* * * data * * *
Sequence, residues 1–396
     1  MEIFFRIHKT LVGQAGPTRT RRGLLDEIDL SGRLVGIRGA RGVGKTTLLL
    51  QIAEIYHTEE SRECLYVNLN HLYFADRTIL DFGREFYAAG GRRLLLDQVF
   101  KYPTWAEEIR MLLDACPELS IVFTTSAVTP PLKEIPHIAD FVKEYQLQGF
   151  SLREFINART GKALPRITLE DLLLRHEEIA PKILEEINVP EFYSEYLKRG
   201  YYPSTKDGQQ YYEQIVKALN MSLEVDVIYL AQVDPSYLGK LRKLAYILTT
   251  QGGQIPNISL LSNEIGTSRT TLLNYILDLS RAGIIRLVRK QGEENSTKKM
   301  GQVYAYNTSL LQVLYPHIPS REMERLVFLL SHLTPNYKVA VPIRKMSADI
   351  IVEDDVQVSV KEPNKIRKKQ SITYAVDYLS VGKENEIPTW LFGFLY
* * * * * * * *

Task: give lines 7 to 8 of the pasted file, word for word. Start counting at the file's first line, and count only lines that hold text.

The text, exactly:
   251  QGGQIPNISL LSNEIGTSRT TLLNYILDLS RAGIIRLVRK QGEENSTKKM
   301  GQVYAYNTSL LQVLYPHIPS REMERLVFLL SHLTPNYKVA VPIRKMSADI